Was Jesus a narcissist?

There’s a personality disorder called narcissism, which is used to describe people who have an exaggerated sense of self-importance.

It’s good, of course, to value oneself, to have a healthy self-esteem.

But it’s not good to think that you are something really special, that you are more important than others, that you merit preferential treatment.

You might say – it’s not good to think you are God.

But extraordinary and insane as it sounds, this is what Jesus seems to think about himself. That he is equal with God, that he has the same authority as God, that when people see him – it’s the same as them seeing God.

There are very many verses and passages in the Bible where we find Jesus saying these things both indirectly and directly.

So was Jesus a narcissist?

Was Jesus sadly and madly deluded about who he was?

There’s a story in Luke’s account of the life of Jesus about a paralysed man whose friends bring him to Jesus for healing. They lower him through the roof of a house where Jesus is teaching, because it is so crowded that they can’t get in any other way.

Jesus says to the paralysed man, ‘Friend, your sins are forgiven you.’

It’s like Jesus knows that – more than his physical disability – this man is most grievously disabled by guilt. And he wants him to know that he is forgiven. That God forgives him – whatever he has done.

And this is all good.

But the problem is that Jesus doesn’t say – as other religious leaders and prophets in his time would have said – ‘Thus says the Lord, “Your sins are forgiven you.”’

He just pronounces the forgiveness directly. As though he has the same power as God to forgive sins. As though he is God.

And this, not surprisingly, causes huge offence to the religious people around him. You can just hear the outcry. Who does he think he is? Does he think he is God?

Well, actually, yes. He does.

And Jesus goes on to make this clear. He says, ‘Just so you know I have the authority to forgive sins,’ and then, turning to the paralysed man, he continues, ‘Stand, take up your mat and walk!’ Which the paralysed man duly does. To the amazement of his friends and the crowd.

So what do we make of all this?

As we go on our journey together and get to know Jesus, we will need to ask ourselves this question.

We will quickly see that Jesus was a wise teacher, a great prophet and healer. But was he who he says he was? Was he one with God? Did he truly have the same authority as God? The same power, love and compassion as God?

Or was he just a narcissist?

When we look at other character traits of narcissists, we find that narcissists exaggerate their achievements, they fantasise about success and power, they only hang out with cool or important people, they require constant admiration, they are unable or unwilling to recognise the needs of others, they are arrogant and haughty.

Sound like Jesus?

Well, no. Not at all.

Jesus doesn’t exaggerate his achievements. He often tells people to say nothing of a healing or miracle that they have witnessed. He tells his disciples that, in the power of God’s spirit, they are equally capable of performing miracles – even greater than his own. And we see them doing this in the Bible stories after Jesus’ death in the book of The Acts of the Apostles.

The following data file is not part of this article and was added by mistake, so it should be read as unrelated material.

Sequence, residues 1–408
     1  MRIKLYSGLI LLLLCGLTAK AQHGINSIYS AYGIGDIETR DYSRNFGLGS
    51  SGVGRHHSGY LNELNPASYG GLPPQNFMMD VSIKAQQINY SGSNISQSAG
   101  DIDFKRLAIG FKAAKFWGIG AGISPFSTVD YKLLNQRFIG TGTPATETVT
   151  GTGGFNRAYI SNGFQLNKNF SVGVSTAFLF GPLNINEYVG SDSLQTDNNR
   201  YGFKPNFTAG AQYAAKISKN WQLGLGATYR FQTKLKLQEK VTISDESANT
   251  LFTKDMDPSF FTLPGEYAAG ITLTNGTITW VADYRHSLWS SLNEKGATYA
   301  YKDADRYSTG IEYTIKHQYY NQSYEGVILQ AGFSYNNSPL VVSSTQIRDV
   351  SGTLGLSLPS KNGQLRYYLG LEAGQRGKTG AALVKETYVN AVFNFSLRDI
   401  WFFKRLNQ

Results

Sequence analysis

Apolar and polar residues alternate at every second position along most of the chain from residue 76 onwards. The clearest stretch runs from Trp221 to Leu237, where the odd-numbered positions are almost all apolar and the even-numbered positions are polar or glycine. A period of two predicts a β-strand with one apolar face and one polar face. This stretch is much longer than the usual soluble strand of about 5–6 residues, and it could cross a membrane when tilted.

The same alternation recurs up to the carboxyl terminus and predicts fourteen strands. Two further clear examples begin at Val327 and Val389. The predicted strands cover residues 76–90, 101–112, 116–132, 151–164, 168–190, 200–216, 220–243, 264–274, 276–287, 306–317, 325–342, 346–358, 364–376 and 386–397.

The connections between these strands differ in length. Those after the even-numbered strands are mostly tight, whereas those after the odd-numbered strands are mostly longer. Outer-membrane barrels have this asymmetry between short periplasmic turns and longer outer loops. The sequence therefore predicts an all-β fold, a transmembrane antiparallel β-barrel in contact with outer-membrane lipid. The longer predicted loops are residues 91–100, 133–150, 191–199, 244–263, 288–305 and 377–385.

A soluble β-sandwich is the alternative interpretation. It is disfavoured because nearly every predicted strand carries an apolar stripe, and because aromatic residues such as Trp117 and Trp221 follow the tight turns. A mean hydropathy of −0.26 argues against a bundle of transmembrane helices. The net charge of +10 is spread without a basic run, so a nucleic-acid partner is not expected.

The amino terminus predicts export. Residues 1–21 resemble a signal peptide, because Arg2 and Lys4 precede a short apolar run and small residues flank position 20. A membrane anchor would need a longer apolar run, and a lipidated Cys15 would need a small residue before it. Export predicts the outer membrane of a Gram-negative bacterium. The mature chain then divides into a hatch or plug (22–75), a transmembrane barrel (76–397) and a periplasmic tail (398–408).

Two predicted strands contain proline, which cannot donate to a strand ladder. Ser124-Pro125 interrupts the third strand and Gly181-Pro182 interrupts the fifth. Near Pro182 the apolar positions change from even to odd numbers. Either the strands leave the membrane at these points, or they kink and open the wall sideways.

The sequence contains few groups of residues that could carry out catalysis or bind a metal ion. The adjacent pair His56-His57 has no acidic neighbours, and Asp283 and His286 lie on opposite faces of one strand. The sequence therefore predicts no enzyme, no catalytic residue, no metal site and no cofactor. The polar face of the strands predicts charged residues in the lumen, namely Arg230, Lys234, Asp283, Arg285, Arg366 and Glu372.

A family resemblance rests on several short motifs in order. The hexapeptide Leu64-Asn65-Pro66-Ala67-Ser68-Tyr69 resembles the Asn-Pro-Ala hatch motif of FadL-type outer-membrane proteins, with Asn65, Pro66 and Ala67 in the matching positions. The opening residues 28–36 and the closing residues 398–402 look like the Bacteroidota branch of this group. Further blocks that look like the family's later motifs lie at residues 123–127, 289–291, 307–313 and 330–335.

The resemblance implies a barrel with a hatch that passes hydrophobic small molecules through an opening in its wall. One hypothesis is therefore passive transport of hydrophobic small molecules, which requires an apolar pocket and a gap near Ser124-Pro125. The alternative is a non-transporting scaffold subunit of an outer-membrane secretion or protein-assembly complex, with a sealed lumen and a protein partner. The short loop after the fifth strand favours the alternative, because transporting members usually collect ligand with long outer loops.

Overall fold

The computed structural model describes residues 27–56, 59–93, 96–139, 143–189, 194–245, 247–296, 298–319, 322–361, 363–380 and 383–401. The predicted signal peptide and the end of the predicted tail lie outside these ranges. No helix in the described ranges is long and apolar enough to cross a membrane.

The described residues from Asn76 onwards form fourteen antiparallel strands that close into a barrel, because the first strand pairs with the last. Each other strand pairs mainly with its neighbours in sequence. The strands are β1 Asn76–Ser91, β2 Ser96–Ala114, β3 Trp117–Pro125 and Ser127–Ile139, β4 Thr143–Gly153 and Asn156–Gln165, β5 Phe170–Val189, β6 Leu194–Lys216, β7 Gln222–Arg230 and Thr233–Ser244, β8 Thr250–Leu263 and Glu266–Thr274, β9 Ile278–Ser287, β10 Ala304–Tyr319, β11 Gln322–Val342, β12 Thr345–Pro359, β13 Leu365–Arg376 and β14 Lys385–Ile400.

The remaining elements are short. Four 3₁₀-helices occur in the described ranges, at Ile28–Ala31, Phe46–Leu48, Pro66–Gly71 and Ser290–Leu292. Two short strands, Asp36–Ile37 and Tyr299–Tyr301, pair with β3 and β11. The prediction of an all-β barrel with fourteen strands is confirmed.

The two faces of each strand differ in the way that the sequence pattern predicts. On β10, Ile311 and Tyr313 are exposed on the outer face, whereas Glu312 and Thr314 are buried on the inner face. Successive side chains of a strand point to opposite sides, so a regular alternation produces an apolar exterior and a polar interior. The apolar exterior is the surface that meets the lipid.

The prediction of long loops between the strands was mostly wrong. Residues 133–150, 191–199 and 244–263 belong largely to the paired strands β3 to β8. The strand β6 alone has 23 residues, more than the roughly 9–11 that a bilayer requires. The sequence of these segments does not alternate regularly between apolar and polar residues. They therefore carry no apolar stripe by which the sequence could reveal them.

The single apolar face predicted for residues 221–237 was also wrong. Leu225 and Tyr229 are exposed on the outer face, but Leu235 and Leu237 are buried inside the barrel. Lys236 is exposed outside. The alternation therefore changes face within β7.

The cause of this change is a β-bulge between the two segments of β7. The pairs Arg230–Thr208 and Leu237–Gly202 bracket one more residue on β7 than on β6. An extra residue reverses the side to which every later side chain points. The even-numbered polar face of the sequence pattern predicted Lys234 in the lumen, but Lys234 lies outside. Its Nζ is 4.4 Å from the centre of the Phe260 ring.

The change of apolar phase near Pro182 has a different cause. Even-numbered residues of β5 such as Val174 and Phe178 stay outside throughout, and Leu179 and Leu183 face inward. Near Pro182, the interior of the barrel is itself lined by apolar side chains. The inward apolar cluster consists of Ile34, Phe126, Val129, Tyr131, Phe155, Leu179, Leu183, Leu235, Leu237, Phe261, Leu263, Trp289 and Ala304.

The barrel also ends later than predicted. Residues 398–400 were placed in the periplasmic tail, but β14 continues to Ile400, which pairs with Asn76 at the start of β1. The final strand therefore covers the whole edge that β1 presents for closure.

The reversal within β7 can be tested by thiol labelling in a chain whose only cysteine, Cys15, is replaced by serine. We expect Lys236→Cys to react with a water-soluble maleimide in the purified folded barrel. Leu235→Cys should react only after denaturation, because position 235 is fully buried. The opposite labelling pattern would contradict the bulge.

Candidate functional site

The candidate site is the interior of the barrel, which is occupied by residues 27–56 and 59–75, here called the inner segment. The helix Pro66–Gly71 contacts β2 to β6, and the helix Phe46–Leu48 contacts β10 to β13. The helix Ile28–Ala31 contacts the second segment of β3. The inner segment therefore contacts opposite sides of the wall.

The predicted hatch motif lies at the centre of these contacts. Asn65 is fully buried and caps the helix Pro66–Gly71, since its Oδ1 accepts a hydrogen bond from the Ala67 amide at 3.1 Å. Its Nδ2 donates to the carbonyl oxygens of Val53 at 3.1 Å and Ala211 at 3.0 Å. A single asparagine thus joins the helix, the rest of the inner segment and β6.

Jesus doesn’t fantasise about success and power. At the beginning of his ministry, when tempted by these things in the wilderness, Jesus says an emphatic no.

Jesus doesn’t hang out with cool or important people. In fact, quite the opposite. He hangs out with people who are shunned, like cheats and prostitutes.

Jesus doesn’t require constant admiration. He says, ‘Beware, if everyone thinks well of you.’ He knows that to live a good life, the life God calls us to, means making ourselves unpopular sometimes. And risking shame and humiliation.

Jesus isn’t unable or unwilling to recognise the needs of others. He is constantly moved with compassion at the plight of those around him. He is always in the thick of it – where the greatest suffering and injustice are.

Jesus is not are arrogant and haughty. Born into a very ordinary family, living a humble life in the backwaters of the Roman empire, Jesus is never prideful. And he tells his disciples that they are ‘not to lord it over one another, as other people do.’ They are to love their neighbours as themselves. Even those who are different. Even those who are of other faiths.

So, if Jesus is not a narcissist. Then who is he?

At the beginning of my Christian journey, I felt very aware of my sinfulness. I was a bit like the paralysed man. As I got close to Jesus, it was like Jesus could see that I was burdened by guilt. Although I wouldn’t have recognised the presence of Jesus at the time.

Nonetheless, one day, I found myself in a church. And was feeling the weight of my sins. The vicar saw me, came up to me and, after a brief conversation, he gave me a stone and suggested I put it down at the foot of the cross. I got up and did this. And, as I knelt at the cross and put down my stone, I felt the burden of my sins slip from my shoulders. I was released. I was forgiven.

And then it was like someone said, Stand, pick up your mat and walk.

I got up and walked out of that church a new person. Forgiven. And healed.

I didn’t understand the theology of what had happened. I still don’t think I do.

But something did happen. Some kind of miracle.

And Jesus – or God - was at the heart of it.

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Posted by Martine Oborne